Wordsmithing “appropriation” May 31, 2007Posted by François in theory, writing process.
In our draft paper (pp. 23-35), we locate appropriation practices within a 3-step technology cycle (adoption / appropriation / re-configuration), then distinguish three appropriation practices: baroque layering, creolization, and cannibalism. We are not completely happy with these labels, for two reasons. First, re-configuration is confusing because it could also describe practices like creolization and cannibalism. Second, the labels conceal who does what: in our model, users appropriate and suppliers re-configure, but that’s not directly obvious. So, we went back to the drawing board and came up with this new version of the 3-step cycle.
We hope to convey four key ideas:
1) This cycle describes the iterative evolution of a technology. Suppliers roll-out a technology and, once they adopt it, users quickly begin to appropriate it – they modify it to make it their own. Suppliers then strive to re-claim control, either to take advantage of the innovations users have come up with, or to stop them. In the process, they produce a new technology, which users can then further adopt (or reject), then appropriate, etc. Technology evolution is the cumulative outcome of successive cycles.
2) Technology always entails an implied power structure – a set of built-in assumptions about who can use it, at what cost, under what conditions, for what purpose, and with what consequences. At their core, appropriation practices are the strategies users pursue to re-negotiate this power structure.
3) We identify three appropriation practices that constitute three increasingly conflictive re-negotiation strategies. With baroque infiltration, users personalize technology along options set out by technology suppliers – their practice is congruent with the supplier’s intentions and business plan. By contrast, when users creolize technology, they venture beyond the supplier’s intentions to ‘re-mix’ technological components in unintended ways, with results that may or may not match the supplier’s interests. At the extreme, users who cannibalize technology intend to confront suppliers – their re-invention clashes with the supplier’s interests. All three strategies, we argue, are deeply creative practices that result in innovation.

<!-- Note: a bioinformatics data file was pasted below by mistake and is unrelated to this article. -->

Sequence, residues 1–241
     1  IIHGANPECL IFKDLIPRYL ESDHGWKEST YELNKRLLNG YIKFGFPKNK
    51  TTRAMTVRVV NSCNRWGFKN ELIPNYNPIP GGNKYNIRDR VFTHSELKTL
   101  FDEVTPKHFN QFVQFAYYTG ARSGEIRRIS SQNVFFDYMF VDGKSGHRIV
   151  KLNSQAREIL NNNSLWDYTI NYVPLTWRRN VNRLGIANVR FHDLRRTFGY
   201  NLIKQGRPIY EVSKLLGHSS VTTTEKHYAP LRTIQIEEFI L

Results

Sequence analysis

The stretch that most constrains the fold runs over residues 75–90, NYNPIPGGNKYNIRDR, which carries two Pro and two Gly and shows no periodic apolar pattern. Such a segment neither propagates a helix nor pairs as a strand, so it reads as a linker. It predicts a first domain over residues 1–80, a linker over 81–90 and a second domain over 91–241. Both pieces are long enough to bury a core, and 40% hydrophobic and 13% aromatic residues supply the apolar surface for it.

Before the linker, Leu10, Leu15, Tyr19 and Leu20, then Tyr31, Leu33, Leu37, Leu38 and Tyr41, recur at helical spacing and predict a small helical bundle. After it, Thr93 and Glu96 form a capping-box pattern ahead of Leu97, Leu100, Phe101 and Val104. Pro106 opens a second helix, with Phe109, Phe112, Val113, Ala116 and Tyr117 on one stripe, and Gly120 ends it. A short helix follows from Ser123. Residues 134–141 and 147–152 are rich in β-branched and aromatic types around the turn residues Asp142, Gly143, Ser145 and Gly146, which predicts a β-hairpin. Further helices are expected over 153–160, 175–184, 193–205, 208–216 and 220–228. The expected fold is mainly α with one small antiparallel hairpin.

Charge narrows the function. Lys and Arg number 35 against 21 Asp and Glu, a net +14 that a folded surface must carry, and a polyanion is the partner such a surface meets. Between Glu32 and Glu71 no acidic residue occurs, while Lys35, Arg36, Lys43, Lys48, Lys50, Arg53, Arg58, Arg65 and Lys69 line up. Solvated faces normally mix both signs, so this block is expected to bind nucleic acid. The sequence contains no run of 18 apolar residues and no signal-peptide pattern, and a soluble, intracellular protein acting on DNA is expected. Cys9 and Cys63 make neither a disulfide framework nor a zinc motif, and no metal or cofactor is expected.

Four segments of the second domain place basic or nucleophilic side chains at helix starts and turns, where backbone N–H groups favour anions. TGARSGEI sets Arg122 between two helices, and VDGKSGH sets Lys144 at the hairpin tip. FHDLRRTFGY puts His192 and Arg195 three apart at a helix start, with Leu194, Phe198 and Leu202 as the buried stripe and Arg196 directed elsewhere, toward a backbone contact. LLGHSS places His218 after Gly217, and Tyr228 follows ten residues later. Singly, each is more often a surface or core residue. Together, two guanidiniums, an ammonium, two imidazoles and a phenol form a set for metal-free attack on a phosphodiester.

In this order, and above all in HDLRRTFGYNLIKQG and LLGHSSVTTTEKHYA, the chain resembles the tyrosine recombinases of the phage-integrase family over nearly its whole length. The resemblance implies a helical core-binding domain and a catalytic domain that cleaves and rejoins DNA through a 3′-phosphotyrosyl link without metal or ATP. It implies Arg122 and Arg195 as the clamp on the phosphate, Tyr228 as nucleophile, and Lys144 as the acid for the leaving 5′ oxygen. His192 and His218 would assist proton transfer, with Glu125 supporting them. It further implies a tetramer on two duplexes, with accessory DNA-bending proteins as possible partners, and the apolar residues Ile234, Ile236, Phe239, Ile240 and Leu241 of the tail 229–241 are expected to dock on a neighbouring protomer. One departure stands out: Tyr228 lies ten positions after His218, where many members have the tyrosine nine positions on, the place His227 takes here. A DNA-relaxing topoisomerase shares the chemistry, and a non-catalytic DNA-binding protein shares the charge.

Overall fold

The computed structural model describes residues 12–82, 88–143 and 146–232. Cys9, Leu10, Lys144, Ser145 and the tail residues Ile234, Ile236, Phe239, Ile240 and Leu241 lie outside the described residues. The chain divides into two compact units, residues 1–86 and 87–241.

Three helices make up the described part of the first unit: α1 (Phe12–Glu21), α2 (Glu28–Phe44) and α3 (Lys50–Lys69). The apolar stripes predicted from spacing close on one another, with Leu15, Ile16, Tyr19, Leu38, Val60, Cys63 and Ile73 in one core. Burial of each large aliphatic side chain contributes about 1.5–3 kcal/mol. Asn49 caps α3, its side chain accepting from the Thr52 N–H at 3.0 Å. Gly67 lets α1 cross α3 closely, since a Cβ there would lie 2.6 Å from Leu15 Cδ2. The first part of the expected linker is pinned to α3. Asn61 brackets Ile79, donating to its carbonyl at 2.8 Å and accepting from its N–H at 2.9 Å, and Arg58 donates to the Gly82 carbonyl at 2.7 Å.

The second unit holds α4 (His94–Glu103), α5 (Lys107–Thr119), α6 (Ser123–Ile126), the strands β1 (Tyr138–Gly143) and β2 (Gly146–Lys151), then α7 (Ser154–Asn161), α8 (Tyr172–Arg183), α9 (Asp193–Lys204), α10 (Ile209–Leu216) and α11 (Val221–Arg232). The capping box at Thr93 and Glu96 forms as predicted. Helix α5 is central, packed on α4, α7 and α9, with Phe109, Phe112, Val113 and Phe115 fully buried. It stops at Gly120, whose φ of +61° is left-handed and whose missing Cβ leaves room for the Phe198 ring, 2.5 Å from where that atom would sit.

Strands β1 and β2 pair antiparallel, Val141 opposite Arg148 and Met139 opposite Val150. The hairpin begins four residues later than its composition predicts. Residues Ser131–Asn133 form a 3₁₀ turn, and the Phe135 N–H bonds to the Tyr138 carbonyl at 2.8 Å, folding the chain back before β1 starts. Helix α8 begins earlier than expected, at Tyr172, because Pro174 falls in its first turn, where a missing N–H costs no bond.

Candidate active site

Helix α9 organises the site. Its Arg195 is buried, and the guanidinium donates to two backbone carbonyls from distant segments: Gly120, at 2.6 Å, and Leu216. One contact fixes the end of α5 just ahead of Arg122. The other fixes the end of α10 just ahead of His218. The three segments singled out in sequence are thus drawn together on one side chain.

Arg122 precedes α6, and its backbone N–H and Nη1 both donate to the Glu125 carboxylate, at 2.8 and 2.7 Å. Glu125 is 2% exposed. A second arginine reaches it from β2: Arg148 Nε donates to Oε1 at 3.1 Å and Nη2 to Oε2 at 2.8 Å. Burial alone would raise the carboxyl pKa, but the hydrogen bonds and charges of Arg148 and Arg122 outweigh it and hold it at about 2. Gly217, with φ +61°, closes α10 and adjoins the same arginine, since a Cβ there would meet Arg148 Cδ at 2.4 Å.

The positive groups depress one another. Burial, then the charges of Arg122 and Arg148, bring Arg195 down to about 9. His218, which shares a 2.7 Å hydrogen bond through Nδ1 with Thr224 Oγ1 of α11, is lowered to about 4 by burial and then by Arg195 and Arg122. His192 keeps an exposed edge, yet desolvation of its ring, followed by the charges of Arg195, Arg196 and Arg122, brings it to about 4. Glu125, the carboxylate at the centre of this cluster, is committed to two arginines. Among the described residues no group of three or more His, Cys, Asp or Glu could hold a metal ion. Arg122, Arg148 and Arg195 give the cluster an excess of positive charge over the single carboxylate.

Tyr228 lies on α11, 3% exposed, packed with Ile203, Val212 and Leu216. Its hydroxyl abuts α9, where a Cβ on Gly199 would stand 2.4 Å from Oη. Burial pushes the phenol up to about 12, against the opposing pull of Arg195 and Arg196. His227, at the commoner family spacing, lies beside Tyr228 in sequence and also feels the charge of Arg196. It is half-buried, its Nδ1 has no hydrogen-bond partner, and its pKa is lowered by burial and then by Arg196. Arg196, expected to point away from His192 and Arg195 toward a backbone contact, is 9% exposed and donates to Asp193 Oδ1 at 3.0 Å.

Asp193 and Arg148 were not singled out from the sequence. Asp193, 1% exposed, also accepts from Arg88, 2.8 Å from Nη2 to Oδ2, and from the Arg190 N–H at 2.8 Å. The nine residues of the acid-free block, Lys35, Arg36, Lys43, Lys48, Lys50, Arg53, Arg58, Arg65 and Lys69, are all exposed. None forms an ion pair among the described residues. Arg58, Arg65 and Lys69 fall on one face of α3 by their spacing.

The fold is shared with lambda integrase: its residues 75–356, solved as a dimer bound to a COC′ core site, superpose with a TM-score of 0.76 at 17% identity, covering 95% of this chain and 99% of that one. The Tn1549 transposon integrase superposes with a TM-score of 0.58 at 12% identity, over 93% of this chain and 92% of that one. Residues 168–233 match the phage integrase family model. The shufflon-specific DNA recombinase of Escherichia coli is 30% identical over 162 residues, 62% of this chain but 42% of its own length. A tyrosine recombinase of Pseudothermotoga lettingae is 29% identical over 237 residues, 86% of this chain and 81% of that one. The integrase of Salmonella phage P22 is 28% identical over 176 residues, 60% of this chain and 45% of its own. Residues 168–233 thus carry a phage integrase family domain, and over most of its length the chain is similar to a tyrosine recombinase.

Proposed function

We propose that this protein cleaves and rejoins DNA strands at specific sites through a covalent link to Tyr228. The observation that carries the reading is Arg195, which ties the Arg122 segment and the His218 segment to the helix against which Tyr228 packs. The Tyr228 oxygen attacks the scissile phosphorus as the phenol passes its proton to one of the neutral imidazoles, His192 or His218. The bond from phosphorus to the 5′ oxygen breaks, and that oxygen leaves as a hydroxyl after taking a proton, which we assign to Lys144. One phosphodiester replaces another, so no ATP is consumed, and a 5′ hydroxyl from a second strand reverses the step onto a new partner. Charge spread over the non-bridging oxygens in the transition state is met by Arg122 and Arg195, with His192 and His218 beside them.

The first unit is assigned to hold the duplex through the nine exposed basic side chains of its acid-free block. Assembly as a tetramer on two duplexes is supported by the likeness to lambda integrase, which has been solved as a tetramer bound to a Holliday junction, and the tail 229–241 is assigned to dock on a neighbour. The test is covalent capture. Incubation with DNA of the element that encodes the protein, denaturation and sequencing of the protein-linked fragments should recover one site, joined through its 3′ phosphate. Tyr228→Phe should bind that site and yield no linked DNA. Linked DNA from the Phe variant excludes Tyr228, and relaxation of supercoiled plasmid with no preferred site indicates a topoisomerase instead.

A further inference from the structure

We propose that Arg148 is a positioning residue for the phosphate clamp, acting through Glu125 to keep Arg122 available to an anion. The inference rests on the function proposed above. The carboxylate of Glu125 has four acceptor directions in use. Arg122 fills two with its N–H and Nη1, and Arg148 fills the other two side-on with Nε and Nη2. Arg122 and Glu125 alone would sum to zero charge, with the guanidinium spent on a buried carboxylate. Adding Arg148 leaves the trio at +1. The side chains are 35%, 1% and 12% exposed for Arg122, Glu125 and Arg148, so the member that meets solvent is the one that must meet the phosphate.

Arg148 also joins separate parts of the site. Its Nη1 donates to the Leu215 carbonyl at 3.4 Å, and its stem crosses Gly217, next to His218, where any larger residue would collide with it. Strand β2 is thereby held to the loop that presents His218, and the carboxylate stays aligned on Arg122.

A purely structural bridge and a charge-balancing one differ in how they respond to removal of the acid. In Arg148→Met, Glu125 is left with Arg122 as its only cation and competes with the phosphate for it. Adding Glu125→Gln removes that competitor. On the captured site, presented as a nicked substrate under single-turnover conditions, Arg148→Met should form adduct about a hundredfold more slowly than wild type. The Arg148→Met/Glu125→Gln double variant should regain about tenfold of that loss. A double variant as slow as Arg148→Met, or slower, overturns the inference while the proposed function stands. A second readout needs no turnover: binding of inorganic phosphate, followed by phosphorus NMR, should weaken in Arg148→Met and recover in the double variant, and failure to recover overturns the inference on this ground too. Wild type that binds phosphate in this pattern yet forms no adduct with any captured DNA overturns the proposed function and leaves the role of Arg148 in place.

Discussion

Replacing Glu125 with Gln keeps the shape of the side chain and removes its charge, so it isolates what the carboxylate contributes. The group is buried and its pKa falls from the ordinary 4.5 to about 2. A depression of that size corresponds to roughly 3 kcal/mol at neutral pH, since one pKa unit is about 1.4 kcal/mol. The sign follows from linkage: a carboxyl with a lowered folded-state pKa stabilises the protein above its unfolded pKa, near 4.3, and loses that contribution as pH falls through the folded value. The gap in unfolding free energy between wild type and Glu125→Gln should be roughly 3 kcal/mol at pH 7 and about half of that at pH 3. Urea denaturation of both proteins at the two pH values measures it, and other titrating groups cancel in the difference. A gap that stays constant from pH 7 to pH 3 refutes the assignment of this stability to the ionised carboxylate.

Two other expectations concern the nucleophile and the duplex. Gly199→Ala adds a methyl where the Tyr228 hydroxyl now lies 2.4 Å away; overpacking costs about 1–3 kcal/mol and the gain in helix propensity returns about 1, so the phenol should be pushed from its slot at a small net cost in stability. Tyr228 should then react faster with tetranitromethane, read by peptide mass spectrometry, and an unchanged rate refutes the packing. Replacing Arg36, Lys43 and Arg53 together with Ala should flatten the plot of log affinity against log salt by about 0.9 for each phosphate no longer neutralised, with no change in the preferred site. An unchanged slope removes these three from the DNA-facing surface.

4) In reaction to users’ appropriation practices, suppliers will attempt to re-claim control over their technology. Mirroring user appropriation strategies, we identify three reclamation practices that are increasingly conflictive. At their most conciliatory, suppliers co-opt user-generated innovation and modify their technology to embrace new users practices. Then again, they may chose instead to compromise and accommodate only some portion of user-generated innovations. At the extreme, they may decide to close the door and block the innovations users have produced.
A few problems remain with these new labels: “personalize” isn’t great (but unfortunately, “baroquize” is not a word…), and “compromise” isn’t that good either to describe the suppliers’ middle-ground approach to reclamation. Suggestions welcome.